HOW DO I DECIDE ON THE BEST SIZE/CAPACITY OF SOLAR CHARGE CONTROLLER FOR MY SOLAR POWER INSTALATION

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Choosing the appropriate size/capacity of solar charge controller will go a long way to ensure the efficiency of your solar power system.

Most customers complain about the poor performance of their solar power system. On close observation we usually find out that while they made the right investment in solar panels and also went for good batteries and very reliable inverter, they did not go for the appropriate size/capacity solar charge controller for their solar power system installation.

Choosing the right size/capacity of solar charge controller is very important. There are so many sizes/capacity of charge controller in the market and so you need to know a few things before selecting one for your use.

Each time you charge deep cycle batteries with solar panels, it’s necessary to use a charge controller in the circuit in order to protect the battery from overcharging or from over discharging.

Choosing the most suitable charge controller size/capacity is simple and only requires two steps.

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Step 1 – Voltage selection

Select a charge controller that is compatible with the system voltage. The standard configurations are 12, 24, and 48 volts, 96 volts, 196 volts. If you are wiring your batteries for 24 volts you need a charge controller that is rated at 24 volts or one that will give 24 volts as output.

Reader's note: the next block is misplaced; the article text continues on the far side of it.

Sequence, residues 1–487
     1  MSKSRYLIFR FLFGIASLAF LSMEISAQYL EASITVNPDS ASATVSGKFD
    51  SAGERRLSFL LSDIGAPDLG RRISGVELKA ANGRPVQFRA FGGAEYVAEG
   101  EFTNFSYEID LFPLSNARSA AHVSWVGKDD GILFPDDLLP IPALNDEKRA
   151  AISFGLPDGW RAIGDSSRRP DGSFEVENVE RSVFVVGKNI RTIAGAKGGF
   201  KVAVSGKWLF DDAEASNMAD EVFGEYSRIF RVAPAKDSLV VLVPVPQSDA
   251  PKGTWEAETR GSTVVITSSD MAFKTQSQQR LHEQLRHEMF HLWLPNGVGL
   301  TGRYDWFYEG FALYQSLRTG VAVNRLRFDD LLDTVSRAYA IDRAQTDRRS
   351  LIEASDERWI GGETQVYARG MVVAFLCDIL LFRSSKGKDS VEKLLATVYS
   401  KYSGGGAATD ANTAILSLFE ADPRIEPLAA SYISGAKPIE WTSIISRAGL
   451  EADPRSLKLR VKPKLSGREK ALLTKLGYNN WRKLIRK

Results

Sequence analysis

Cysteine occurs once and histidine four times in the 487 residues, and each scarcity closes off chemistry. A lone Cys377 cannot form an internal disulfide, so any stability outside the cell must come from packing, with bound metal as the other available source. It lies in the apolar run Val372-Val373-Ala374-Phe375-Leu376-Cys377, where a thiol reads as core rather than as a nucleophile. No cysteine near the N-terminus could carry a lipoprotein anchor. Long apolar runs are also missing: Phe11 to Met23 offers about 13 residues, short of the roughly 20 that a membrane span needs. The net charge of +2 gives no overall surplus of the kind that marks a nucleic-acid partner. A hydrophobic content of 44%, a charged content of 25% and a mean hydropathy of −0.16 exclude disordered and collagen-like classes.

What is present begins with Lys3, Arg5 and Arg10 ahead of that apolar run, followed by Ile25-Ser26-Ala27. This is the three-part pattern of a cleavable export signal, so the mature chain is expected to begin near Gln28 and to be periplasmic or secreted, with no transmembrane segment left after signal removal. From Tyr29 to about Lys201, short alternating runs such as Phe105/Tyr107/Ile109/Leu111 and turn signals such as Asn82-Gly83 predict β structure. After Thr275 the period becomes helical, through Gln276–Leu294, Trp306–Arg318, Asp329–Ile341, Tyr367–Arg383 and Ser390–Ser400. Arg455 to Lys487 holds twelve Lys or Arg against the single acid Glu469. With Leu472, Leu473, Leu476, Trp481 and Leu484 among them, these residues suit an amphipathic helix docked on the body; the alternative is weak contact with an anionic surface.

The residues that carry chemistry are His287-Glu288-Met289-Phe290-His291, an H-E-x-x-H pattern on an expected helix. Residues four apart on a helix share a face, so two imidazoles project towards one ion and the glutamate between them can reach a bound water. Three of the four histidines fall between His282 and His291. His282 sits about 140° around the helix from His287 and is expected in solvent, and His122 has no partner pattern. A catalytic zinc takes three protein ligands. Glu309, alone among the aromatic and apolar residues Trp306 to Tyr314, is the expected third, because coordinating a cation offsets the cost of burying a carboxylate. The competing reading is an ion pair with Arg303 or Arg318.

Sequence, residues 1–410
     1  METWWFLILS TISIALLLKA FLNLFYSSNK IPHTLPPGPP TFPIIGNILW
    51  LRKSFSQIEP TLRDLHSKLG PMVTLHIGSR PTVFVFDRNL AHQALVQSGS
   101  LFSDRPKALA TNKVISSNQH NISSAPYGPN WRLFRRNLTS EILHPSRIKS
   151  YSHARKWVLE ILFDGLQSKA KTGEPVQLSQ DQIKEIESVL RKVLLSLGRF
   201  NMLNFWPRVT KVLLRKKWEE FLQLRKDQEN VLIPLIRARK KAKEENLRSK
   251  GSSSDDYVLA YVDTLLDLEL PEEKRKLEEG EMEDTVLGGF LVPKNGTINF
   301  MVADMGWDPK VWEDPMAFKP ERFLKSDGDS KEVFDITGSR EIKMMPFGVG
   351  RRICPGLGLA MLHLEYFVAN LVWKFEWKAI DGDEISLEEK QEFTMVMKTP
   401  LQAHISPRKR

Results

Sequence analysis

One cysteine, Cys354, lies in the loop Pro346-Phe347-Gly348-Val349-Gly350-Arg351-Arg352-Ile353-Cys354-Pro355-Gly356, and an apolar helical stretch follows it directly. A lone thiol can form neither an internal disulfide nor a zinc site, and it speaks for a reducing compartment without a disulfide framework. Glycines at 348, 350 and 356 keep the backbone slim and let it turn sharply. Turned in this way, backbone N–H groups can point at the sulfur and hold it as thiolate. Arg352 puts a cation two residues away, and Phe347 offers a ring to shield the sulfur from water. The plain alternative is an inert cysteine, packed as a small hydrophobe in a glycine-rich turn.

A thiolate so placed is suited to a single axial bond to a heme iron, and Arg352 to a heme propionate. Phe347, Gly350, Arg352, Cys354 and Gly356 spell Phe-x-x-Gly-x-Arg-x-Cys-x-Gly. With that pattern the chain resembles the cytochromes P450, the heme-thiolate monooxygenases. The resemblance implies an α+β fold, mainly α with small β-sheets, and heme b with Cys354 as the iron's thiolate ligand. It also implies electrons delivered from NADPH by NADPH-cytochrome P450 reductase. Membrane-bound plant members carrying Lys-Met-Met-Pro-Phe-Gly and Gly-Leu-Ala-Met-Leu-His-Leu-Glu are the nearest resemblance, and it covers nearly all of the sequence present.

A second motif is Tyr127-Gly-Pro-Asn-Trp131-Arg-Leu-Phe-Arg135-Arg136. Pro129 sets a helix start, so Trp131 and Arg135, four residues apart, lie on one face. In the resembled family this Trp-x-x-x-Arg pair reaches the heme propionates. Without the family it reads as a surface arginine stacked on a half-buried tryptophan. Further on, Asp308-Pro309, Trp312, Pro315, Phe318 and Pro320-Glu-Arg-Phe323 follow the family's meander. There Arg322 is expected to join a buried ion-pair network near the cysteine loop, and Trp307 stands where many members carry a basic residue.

Some controllers are voltage specific, meaning that the voltage cannot be changed or substituted. Other more sophisticated controllers include a voltage auto-detect feature, which allows it to be used with different voltage settings.

Step 2 – Current capacity

Select a charge controller that can handle the maximum output current of the solar panel (or solar array). The maximum possible current that a PV panel can generate is the “short circuit current,” indicated as Isc in the panel’s label or specs sheet.

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It’s recommended to include a safety factor for isolated events as well. For example, a solar panel with a LSC of 7.89 amp could potentially produce an extra 25% on a very sunny day. This results in a possible maximum of 9.86 amp (7.89 x 1.25 = 9.86 amp). In this case, a 10 amp charge controller would be recommended.

If you do your calculations well, you will have no problems and your solar power system will definitely work well.

Let us consider another method.
Take the number of panels x watts to get the total watts of the solar array. You then divide it by the voltage of your battery bank to get amps, add 25% to allow for cold temperatures and as always, round up.

Example: 2 units of 140 watt solar panels in series = 280 watts / 12 VDC battery bank + 25% = 29.18 amps. You would choose a 30 amp, 12 VDC charger in this example.

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Another example: 4 units of 250 watt solar panels = 1,000 watts / 24V battery bank = 41.7 amps + 25% = 52.09 rounded up = 60 amp controller.

Please do not forget that solar charge controllers are rated and sized by the solar panel array current and system voltage.

These examples are simple calculations for small systems. If you have a larger system with muliple strings you are considering, you should consult a good solar technician for help.

CHUKWUEMEKA ONWUKA.

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